WopF, when Democracy meant some
thing, the party was pure and patriotic
and!its statesmen honest and enlighten
ed: i Them' it was one.of the, cardinal
Principles of the party that
. the right
of spillage should be extended, to all
men, and accordingly our naturalization
laws were so framed, that aliens
little difficulty in .'speedily becoming
citizens.' - Nay,...further, Many of the
meet eminent of the Democratic. states
men, would Willingly:. have conferred
the right of suffrage upon "a/1 men, ir
respective of color or nationality, and
hopefully prophesied' the.- day . when
such would be the case: They had no
faith• in the monarchial dogma that
"man is incapable of self-governmeut;"
they believed thattlrePeople were in
telligent and honest; and contended
manfully for a • wide extension of the
elective franchise, untrammelled with
tests or property qualifications. Anoili-
er of their doctrines was, that as all had'
an,equab voice in the choice of rulers,
the decision of the majority should he
final, to which the minority was Wand
to yield. kly„the advOcacy of these
and 'similar doctrines, the Democratic
party became popular with the'People;
its leaders were 'elevated to high . sta
tions, and the government of the coun
try was entrusted to their hands. This
for many years they administered-inL.:
faithful and honest Manner, the coun
try prospered under their auspices, and
the people were happy. Such a pop
tdarity..haid the Democratic party ac
quired, that the old Federal party,
which was supposed to advocate doc
trines directly the reverse and antag
onistic to those held by it, Was .forced
to succumb to the popular prejudice,
and finally to dishand, - i l ;
During the struggle'ft - Ai tfriprentney
between the: Dentocratie, Mu Federal
parties, the strength of tife l f mer lay
mainly in the country, among the-far
niers, mechanics and laboring classes,
while that of the latter was confined
principally to the cities and largo towns,
where the rich man,-the banker, the
merchant and professional man were
Tdre its partizans. So touch was this
the case, and so heavy were the Fed
eral majorities in the large towns, that
THOMAS JEFFERSON, the Apostle of
Democracy, stigmatized " great cities,
as great sores," and'founded his hopes
of-the-success 4-Democratic principles
upon the hard=working men of the coon--
try. The struggle between the two
parties .was -a -prolonged and_tt bitter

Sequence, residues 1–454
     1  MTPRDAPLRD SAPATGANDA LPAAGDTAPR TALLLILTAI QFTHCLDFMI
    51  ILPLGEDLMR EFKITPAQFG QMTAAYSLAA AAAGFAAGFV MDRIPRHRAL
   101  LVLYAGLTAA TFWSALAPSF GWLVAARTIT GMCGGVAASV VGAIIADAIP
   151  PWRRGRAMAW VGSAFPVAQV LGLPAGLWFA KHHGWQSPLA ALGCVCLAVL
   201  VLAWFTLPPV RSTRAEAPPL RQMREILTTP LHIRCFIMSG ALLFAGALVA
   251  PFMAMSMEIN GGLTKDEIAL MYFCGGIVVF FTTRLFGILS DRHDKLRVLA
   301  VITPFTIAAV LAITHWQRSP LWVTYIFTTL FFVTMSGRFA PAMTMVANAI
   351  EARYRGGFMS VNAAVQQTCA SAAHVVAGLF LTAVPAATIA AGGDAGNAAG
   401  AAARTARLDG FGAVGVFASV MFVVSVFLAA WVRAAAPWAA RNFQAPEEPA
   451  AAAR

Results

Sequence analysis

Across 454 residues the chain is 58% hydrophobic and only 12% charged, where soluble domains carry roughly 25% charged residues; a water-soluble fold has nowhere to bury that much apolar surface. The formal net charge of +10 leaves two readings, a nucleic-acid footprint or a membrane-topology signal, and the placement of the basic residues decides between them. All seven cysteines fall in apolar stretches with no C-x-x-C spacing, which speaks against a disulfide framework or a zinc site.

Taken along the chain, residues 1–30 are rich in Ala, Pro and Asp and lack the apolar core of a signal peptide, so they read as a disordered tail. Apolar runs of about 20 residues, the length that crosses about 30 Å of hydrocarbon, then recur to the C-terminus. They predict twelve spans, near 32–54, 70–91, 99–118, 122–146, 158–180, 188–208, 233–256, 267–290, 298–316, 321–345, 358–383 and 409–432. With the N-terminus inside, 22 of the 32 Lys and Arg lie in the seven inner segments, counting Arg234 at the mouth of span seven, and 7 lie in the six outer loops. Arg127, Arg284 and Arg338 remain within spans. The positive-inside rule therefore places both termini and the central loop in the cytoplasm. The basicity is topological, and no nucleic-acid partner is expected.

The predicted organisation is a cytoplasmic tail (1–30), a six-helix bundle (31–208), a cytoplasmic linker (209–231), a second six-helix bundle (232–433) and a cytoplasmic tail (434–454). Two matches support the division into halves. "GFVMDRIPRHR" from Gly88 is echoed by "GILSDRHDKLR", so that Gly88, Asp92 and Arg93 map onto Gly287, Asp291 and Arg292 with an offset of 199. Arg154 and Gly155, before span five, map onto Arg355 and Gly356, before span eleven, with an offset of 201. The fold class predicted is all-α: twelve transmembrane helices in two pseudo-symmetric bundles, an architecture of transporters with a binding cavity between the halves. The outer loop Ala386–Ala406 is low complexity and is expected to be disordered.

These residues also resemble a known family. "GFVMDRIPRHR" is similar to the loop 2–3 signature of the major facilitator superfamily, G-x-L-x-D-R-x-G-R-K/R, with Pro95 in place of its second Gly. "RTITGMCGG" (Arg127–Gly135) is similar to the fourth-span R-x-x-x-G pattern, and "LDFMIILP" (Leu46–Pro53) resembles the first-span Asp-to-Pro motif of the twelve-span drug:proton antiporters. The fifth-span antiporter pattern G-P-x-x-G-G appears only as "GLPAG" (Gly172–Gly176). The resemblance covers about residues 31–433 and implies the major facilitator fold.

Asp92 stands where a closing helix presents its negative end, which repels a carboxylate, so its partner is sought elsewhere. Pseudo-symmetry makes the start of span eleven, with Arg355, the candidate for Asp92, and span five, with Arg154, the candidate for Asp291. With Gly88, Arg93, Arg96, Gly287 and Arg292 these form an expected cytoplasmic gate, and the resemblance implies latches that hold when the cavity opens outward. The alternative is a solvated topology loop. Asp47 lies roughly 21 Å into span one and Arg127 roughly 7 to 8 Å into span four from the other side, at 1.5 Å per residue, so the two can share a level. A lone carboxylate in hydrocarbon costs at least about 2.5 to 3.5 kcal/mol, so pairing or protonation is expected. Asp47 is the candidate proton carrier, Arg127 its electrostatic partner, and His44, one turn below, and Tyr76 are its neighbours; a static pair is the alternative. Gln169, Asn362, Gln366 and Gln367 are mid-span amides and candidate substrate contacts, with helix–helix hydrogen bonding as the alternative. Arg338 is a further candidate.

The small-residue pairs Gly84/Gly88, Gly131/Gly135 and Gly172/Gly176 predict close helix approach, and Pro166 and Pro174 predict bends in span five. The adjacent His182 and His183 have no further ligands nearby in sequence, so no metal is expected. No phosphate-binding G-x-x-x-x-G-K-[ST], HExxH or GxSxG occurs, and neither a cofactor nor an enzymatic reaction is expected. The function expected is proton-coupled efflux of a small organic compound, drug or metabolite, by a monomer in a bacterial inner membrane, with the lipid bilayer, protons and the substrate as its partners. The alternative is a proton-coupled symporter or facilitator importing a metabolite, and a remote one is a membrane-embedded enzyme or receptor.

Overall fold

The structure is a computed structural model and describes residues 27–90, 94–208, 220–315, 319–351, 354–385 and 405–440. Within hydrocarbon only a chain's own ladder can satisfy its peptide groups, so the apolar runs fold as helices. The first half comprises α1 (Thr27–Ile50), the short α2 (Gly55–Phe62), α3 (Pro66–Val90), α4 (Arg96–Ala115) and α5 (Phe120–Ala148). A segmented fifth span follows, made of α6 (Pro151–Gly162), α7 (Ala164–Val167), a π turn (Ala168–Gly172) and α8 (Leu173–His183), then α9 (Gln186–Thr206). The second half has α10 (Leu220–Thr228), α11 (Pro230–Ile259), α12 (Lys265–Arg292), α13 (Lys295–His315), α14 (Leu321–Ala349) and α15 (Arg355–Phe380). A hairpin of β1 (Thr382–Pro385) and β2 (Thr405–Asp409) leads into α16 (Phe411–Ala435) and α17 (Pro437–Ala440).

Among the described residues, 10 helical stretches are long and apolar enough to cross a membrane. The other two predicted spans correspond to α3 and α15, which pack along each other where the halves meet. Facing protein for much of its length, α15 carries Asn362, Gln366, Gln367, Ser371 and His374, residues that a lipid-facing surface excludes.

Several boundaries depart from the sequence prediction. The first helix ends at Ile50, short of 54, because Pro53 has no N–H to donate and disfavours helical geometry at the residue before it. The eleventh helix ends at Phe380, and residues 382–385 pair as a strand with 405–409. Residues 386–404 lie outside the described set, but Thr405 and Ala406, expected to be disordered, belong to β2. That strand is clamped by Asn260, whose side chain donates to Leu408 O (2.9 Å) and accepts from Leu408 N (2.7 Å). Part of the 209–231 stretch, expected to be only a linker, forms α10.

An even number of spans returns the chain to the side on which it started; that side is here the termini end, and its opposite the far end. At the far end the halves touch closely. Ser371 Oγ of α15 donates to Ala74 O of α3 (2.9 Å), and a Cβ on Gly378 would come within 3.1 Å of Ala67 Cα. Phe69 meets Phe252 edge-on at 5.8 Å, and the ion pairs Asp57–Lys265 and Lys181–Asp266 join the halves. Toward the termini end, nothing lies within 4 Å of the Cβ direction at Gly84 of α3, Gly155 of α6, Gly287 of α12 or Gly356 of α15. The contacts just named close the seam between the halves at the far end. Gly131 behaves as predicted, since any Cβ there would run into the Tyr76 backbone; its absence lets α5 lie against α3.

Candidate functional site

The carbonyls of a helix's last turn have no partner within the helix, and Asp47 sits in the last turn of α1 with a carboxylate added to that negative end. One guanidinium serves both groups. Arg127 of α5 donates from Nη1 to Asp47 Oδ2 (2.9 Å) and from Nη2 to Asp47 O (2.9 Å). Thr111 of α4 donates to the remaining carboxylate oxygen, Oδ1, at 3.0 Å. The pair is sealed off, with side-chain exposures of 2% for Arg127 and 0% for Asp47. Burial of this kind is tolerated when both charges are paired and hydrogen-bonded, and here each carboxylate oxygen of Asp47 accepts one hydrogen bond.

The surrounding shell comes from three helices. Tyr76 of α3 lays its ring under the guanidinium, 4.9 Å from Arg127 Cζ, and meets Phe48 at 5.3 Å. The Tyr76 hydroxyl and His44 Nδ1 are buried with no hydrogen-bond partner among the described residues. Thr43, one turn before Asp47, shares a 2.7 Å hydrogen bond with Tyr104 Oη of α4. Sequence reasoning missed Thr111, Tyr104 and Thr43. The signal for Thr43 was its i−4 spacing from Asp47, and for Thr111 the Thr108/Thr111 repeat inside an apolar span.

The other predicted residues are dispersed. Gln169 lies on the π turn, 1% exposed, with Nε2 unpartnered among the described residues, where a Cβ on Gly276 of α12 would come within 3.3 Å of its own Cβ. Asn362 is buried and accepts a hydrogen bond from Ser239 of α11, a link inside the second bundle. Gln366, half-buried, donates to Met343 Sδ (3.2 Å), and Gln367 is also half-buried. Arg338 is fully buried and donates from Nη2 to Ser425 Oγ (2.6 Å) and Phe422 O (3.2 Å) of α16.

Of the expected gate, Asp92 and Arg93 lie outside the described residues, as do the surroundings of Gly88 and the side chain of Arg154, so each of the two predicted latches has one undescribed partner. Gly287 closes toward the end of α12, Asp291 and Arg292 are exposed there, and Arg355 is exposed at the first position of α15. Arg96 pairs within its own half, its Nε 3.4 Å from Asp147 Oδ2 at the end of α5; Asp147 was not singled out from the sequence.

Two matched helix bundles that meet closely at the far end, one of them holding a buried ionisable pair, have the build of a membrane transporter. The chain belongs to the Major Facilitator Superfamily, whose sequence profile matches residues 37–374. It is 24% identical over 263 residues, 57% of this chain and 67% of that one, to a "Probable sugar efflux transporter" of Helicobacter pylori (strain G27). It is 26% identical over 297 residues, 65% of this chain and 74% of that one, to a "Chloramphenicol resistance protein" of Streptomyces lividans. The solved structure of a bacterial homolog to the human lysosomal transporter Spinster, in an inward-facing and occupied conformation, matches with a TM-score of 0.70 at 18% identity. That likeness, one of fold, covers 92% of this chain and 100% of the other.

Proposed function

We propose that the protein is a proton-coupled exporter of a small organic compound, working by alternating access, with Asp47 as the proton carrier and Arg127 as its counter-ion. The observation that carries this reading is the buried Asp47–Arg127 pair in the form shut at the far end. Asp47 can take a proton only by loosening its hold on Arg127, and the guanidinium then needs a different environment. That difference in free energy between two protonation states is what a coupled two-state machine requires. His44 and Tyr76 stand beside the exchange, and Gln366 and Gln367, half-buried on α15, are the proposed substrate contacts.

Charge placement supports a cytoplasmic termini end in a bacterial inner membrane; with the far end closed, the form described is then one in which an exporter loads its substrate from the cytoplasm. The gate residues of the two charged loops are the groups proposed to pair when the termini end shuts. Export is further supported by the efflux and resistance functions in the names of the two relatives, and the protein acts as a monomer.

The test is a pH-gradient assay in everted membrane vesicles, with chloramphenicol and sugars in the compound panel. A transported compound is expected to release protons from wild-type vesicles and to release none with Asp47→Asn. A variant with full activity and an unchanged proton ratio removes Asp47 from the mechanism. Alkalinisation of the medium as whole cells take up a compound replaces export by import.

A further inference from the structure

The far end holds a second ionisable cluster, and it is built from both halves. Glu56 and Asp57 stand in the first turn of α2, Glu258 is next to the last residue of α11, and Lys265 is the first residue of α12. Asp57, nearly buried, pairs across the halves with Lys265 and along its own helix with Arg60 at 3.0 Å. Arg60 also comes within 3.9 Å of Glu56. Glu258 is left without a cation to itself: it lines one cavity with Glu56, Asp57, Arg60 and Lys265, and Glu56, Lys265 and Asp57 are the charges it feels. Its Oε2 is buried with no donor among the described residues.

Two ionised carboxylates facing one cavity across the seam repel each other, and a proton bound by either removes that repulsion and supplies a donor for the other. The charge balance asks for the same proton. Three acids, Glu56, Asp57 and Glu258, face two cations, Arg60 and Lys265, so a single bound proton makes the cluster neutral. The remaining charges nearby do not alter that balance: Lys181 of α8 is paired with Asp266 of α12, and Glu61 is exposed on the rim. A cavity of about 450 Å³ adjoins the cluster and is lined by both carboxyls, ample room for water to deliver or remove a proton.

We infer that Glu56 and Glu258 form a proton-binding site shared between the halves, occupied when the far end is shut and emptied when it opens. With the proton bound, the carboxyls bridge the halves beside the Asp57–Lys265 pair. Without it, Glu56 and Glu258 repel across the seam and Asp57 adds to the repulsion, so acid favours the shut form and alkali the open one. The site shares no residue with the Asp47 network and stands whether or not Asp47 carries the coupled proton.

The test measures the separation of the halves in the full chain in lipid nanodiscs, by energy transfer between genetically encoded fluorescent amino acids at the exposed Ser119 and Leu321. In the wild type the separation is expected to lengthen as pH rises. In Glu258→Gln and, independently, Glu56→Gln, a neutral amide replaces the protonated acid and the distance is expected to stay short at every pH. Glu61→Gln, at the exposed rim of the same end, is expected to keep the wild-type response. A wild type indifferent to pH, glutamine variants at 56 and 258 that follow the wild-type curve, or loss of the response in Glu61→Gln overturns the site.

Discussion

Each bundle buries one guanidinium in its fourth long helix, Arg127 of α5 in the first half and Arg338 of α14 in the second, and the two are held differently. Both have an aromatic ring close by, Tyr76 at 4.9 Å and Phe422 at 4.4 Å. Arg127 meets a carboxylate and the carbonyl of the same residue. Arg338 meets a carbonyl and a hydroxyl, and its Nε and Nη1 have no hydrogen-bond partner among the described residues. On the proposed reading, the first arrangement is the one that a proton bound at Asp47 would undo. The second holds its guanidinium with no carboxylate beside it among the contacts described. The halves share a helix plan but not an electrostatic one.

one, but finally the Democratic party
triumphed, and the Federalists were
known no more-as an organization. - ',
• As we have said, the • Democratic
party in the beginning of its career and
for many years afterward% was pure '
and holiest. It, adhered faithfully to
its oid landmarks. Its principles were
everywhere advocated and its practices
worked ivell." It gave to the country
many eminent statesmen, whose ability
life and whose memory is yet cherished
by their countrymen., .
But times change; and mon (and
par/ s) change .with them. A long
lease of power and patrons ; e, a length
ened career of prosperity had rendered
the Democratic party effete and corrupt.
Its party leaders had become grasping
and dishonest. Many a the worst of,
the'old federalists hadlound refuge in
their ranks, were petted. and fed_by
them, and ere long succeedad in indoc
trinating the party with their own pe
culiar views and sentiments. So fai
had the Democratic party departed from
its ancient usages, so utterly had it
fidsified its ancient principles, and so
notorimisly corrit : d had its lenders be-
COM(' , that the honest members of the
inlay marked its inconsistencies and
took note of its corruptions. The peo
ple, the yeomanry of
.the country, who
had long clung to the party merely
through a clannish feeling -of old at•
tachinent,seeing that it was Democrat
ic only 'in name, deserted its standard
and joined new political organizations.
Having abandoned its old principles
and usages, it has lost the confidence
and support of "the intelligent men in
the country, and now looks fur heavy
majorities only in such Oties as' New
Thrk, Baltimore and- Nve Orleans !
There, among the denizens of.the Five
Points and Fourteenth Wards does the
modern, Democracy not only hold its
own. but flourishes like a green bay
tree. But these adherents,_Athough
'they may contribute Much to its nit
merical strength -add nothing to its
purity or honor. .They are ignorant
and besotted ; 14mw ,nothing - of our in
ptitutions, are alien to our nationality,
and are just -the fitting instruments to
work 'the will -and carry, gout the plans
of such demagogues as Fernando and
Beii Wood, August Belmont
atio Seymour. '
A long course of profligacy and folly,
of. inconsistency and treason, having
alieneated. frotmAt the confidence, and
afikctions of the people, the Democratic
party has been doomed to destruction.
Its sceptre hasbeen taken away, and
a new and - Nigerons, organisation has
risen . in its ''stead: ''.The Itepn?ilwun,
party, which,-during , the, shciWporicid
of its, existence, has proved.itself the
friend .of the:Union, the champion
Equal Righia; and the:sOpperteleof
OpPitaso against the Sticirtg,haS won
for itself anise :ititinhation and plaudits
of the friends of, freedom- everywhere,
is new the grimt.rallying point of the
AinericaM . people. SO con : ,
tinnee'fo'be the exponetAnf
ciples aintl,the Proineter, cif their, inter
esiEt, j"usfao long will!it - coiltintie
ist its a political partp ) and:tio-longer,